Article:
Source: Human Rights Commission
The Disability Rights Commissioner says good progress has been made since the last review of New Zealand’s obligations under the Convention on the Rights of the Child, but significant issues remain as structural reforms for children are yet to materialise into improved outcomes.
“The reforms to legislation and policy in New Zealand relating to children’s rights in recent years have been a major step forward in advancing the country’s implementation of the Convention on the Rights of the Children,” says Disability Rights Commissioner, Paula Tesoriero.
However, the Disability Rights Commissioner says issues remain. “While there has been progress integrating the Convention’s principles into New Zealand’s legislative framework, progress in improving socio-economic disparities among New Zealand children has proven more difficult,” she explains.
The comments from the Disability Rights Commissioner come as part of the Human Rights Commission Submission to the Committee on the Rights of the Child as part of the 6th periodic review under the UN Convention on the Rights of the Child.
In its submission, the Human Rights Commission explained that income poverty rates remain high, rates of severe housing deprivation have worsened, and structural discrimination remains at similar levels across a wide range of socio-economic indicia.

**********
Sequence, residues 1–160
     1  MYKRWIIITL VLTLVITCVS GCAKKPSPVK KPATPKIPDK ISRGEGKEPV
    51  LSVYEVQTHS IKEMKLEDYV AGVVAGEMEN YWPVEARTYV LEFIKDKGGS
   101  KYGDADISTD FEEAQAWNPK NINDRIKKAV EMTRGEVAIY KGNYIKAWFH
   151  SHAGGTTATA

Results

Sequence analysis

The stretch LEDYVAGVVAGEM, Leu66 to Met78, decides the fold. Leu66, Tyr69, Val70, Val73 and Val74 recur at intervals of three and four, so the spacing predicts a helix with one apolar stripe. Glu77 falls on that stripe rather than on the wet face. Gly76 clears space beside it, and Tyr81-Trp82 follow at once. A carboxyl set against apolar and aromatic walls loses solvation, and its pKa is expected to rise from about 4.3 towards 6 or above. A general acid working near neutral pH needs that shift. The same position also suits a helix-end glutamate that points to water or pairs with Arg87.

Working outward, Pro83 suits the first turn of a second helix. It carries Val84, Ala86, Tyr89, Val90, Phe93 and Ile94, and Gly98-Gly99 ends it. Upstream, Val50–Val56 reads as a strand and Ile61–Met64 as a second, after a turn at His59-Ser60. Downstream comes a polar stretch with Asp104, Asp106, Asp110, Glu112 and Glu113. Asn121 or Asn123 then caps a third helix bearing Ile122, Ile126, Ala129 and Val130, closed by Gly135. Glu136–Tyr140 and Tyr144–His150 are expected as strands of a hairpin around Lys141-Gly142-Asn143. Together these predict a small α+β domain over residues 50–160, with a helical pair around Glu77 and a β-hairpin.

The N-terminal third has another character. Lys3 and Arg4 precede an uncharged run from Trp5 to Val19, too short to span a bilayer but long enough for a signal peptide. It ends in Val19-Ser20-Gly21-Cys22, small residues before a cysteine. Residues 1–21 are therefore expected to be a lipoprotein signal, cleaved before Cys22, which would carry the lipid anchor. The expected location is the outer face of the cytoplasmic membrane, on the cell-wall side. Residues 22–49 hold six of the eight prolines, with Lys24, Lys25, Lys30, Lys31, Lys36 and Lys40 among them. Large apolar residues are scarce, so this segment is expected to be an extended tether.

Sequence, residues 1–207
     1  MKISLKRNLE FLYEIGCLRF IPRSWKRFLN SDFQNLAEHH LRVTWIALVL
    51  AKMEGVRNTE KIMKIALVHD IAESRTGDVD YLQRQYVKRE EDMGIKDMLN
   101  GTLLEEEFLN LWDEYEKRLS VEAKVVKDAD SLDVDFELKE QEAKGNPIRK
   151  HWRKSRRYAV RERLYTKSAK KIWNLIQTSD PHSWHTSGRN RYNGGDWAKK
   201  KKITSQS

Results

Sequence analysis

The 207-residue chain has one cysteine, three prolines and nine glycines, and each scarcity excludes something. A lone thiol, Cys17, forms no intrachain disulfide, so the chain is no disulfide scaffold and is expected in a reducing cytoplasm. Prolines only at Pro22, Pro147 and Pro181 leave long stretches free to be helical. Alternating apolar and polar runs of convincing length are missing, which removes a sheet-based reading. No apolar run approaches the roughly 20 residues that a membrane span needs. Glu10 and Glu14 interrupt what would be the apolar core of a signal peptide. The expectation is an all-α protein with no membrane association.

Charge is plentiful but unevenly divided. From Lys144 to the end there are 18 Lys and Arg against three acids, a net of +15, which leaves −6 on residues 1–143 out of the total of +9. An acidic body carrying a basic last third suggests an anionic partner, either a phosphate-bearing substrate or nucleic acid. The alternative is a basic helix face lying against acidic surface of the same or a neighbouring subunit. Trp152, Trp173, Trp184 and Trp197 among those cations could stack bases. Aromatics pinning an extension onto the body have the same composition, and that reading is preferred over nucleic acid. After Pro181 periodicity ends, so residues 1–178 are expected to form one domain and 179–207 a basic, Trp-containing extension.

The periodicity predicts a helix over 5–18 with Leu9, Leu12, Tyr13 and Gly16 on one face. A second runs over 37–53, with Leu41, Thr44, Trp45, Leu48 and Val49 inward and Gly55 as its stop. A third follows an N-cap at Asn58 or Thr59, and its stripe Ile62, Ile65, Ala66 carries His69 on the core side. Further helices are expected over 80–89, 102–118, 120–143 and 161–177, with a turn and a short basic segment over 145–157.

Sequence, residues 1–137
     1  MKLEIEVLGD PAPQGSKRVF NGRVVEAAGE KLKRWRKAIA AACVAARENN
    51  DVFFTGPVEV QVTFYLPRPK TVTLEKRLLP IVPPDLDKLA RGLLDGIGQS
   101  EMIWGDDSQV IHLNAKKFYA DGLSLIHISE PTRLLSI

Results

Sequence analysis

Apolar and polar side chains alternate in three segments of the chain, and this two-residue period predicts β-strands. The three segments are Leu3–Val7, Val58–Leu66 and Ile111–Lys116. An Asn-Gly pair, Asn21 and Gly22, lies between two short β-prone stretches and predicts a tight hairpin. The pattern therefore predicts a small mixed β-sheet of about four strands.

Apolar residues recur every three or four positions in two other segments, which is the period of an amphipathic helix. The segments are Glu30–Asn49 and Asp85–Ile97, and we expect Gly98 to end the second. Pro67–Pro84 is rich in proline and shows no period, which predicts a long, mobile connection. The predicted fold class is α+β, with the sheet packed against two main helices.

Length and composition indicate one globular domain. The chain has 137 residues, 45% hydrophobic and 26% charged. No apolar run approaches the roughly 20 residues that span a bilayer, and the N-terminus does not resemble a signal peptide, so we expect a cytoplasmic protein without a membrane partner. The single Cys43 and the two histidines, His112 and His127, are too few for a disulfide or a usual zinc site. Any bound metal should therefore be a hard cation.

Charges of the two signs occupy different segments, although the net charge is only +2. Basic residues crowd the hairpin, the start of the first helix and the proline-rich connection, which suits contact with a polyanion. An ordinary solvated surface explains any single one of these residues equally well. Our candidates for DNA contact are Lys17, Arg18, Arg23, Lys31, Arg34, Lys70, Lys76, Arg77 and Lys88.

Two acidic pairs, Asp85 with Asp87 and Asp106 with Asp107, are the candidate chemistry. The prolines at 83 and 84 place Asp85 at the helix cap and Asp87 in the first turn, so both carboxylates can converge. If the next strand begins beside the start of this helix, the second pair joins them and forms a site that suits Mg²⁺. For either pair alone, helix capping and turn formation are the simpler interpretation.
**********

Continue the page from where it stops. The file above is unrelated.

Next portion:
“This indicates that the significant structural reforms since 2016 are yet to materialise into significantly improved outcomes for children. This is due, in part, to the timeframes required for change to occur. The Child Poverty Reduction Act, for example, introduces ten-year poverty reduction targets. Its effectiveness will accordingly become evident over time,” says Tesoriero.
There is currently a large amount of reform occurring across the social sector, much of which directly affect children. This includes new legislation governing the education system and a fundamental review of the social security system. Formal inquiries are also underway, including a Royal Commission of Inquiry into historic abuse in State Care, as well as reviews of the current failings of New Zealand’s child protection and state care system.
“The Government has set child and youth wellbeing as a priority. Establishing a comprehensive human-rights based framework will help to help make this real for all children in New Zealand and will improve outcomes,” explains the Disability Rights Commissioner.
The Human Rights Commission has a role in monitoring the government’s human rights obligation for children. The United Nations last reviewed New Zealand’s obligations under the Convention on the Rights of the Child in 2016. As part of the review process, the Commission makes suggestions on what issues the UN should raise with the government, as well as the issues and opportunities that should be addressed. It works with the Children’s Commissioner and with NGOs through the Children’s Rights Alliance. The next step is scheduled for June. The process is outlined here.
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See the Human Rights Commission’s recommendations below: